Educational Physiotherapy in Haemophilia
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|ClinicalTrials.gov Identifier: NCT02825706|
Recruitment Status : Completed
First Posted : July 7, 2016
Last Update Posted : July 7, 2016
Although arthropathy is a serious problem in patients with hemophilia due to the associated morbidity and incapacity, to the best of the investigators knowledge, no studies have looked at the effect of educational physiotherapy for its clinical improvement.
This contribution presents the results of educational physiotherapy program applied for 15 weeks with home exercises - in patients with hemophilic arthropathy. After treatment, experimental group showed improved a significant reduction of pain, and best quality of life al illness behaviour. During treatment no patient showed elbow haemarthrosis, which underlines the safety of this physiotherapy program.
|Condition or disease||Intervention/treatment||Phase|
|Haemophilia||Other: Educational physiotherapy group||Not Applicable|
|Study Type :||Interventional (Clinical Trial)|
|Actual Enrollment :||20 participants|
|Intervention Model:||Parallel Assignment|
|Masking:||Single (Outcomes Assessor)|
|Official Title:||Effectiveness of an Educational Physiotherapy and Home Exercises Program in Adult Patients With Hemophilia: A Randomized Clinical Trial|
|Study Start Date :||February 2012|
|Actual Primary Completion Date :||October 2012|
|Actual Study Completion Date :||April 2015|
Experimental: Experimental group
The patients in experimental group received 60-minute educational sessions every two weeks about the pathophysiology of hemophilia, clinical manifestations, postural advice and prevention advice to avoid recurrent bleeding. Likewise, doubts on the clinical progress of hemophilic arthropathy, functional limitations and management of joint pain were resolved. In parallel with the educational sessions, patients followed a 15-week home exercise program performed once a day, 6 days a week. The program included muscle stretching exercises; isometric exercises; proprioceptive exercises on one leg with visual support; and a 20-minute walk. Low-intensity exercises with 20-25 repetitions were included.
Other: Educational physiotherapy group
20 patients with hemophilia were randomly allocated to an educational intervention or to a control group. The educational intervention was performed every two weeks during 15-week and home exercises were performed once a day, 6 days a week, in the same time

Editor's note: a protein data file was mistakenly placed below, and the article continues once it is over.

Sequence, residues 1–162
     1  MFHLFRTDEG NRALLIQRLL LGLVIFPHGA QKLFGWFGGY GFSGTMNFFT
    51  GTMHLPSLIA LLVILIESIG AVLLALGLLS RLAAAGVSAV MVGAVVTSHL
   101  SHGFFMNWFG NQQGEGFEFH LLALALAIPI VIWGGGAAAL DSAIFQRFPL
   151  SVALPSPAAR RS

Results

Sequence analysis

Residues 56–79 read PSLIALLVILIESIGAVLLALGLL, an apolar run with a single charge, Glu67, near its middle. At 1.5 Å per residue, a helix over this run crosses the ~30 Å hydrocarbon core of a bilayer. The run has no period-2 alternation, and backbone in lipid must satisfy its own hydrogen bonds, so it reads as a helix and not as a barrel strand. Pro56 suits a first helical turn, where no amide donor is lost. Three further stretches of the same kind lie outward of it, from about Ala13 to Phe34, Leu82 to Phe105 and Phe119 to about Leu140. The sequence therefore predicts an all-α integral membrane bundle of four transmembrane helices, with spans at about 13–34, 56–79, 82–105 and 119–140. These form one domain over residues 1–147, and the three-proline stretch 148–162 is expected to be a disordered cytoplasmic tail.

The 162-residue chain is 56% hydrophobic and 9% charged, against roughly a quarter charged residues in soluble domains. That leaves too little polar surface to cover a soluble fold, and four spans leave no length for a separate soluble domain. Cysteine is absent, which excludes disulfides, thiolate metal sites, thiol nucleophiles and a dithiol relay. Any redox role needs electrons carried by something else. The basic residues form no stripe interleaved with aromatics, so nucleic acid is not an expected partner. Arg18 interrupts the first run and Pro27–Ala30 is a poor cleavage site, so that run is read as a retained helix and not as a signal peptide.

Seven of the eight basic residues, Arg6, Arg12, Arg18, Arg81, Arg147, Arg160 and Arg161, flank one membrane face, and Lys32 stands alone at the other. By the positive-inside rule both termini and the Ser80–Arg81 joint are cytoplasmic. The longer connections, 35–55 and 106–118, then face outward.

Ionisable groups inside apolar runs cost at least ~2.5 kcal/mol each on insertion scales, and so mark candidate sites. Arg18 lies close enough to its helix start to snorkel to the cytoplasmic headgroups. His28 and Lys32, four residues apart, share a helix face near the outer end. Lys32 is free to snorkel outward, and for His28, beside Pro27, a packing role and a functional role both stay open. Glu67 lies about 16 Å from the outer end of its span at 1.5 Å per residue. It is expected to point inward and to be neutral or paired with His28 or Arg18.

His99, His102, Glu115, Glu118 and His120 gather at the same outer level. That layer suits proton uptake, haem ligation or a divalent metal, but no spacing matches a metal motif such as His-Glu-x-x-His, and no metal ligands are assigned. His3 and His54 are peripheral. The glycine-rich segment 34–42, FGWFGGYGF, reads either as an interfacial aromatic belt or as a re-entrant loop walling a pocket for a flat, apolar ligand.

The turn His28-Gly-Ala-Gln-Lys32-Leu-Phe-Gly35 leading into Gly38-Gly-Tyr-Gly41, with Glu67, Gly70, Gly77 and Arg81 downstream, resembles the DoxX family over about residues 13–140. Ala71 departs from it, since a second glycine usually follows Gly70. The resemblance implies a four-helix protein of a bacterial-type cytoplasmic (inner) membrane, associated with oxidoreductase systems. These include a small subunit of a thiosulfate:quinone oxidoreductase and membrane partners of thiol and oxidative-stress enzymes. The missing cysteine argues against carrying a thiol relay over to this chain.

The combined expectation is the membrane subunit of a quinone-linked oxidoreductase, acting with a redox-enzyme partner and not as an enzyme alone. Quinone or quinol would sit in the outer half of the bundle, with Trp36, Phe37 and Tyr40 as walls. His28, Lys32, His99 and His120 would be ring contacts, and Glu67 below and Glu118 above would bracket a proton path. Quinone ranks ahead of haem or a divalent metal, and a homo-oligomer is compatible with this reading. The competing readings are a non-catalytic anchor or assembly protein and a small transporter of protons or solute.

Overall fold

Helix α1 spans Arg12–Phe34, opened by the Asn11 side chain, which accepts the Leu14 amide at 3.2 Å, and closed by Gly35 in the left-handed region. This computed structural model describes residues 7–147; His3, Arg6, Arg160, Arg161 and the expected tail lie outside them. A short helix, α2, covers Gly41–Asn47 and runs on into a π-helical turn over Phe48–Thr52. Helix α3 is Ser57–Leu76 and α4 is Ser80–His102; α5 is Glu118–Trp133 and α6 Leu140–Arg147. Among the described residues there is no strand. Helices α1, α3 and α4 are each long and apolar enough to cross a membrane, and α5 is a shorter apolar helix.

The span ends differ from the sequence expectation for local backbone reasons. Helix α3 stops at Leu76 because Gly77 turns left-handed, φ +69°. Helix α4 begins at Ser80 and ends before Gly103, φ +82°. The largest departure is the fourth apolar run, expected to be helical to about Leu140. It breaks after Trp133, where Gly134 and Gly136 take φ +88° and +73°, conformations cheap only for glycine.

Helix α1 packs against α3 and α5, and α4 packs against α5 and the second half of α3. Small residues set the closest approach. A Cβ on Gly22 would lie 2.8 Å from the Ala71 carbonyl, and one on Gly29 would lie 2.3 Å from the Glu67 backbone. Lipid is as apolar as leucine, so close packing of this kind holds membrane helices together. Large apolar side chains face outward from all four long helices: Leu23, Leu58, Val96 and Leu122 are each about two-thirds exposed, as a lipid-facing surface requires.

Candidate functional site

No Intervention: Control group
The patients in the control group did not receive any educational sessions and did no exercise at all at home.
- Change from baseline physical condition of joints after treatment and at 6 months [ Time Frame: Screening visit, within the first seven days after treatment and after six months follow-up visit ]The physical condition of joints was assessed using the Gilbert scale that measures swelling, muscle atrophy, joint crepitus, range of motion, axial deformity and instability. Scores range from 0 to 12 (0 represents no joint injury and 12 represents maximum joint deterioration).
- Change from baseline joint pain after treatment and at 6 months [ Time Frame: Screening visit, within the first seven days after treatment and after six months follow-up visit ]Joint pain was assessed using the Visual Analog Scale (VAS), with scores ranging from 0 (no pain at all) to 10 (the worst pain imaginable by the patient).
- Change from baseline perception of the quality of life after treatment and at 6 months [ Time Frame: Screening visit, within the first seven days after treatment and after six months follow-up visit ]The Haemophilia A-36 questionnaire was used to assess the perception of the quality of life. This questionnaire consists of 36 items that assess 9 domains (physical health, daily activities, joint damage and pain, treatment satisfaction, treatment difficulties, emotional functioning, mental health and social relationships).
- Change from baseline illness behavior after treatment and at 6 months [ Time Frame: Screening visit, within the first seven days after treatment and after six months follow-up visit ]To assess illness behavior, patients completed the Illness Behavior Questionnaire (IBQ). This scale consists of 62 items and 8 domains (hypochondriasis, disease conviction, psychological vs. somatic perception of illness, affective inhibition, affective disturbance, denial and irritability).
- Change from baseline frequency of bleedings after treatment and at 6 months [ Time Frame: Screening visit, within the first seven days after treatment and after six months follow-up visit ]The frequency of bleeding is measured with a record which complete the patients, where they indicate the incidence of hematomas and hemarthrosis during the treatment and follow-up.
- Radiological joint deterioration [ Time Frame: Screening visit ]All patients had an assessment of radiological joint deterioration using the Pettersson scale. This scale, with scores ranging from 0 (a normal joint) to 13 (maximum joint deterioration), is the most widely used to assess joint degeneration produced by hemophilic arthropathy. The evaluation of radiological joint damage was done at the beginning of the study.
- Age [ Time Frame: Screening visit ]Age of patients included in the study
- Weight [ Time Frame: Screening visit ]Weight of the patients
- Height [ Time Frame: Screening visit ]Height of patients
To learn more about this study, you or your doctor may contact the study research staff using the contact information provided by the sponsor.
Please refer to this study by its ClinicalTrials.gov identifier (NCT number): NCT02825706
|Principal Investigator:||Rubén Cuesta-Barriuso, PhD||Real Fundación Victoria Eugenia|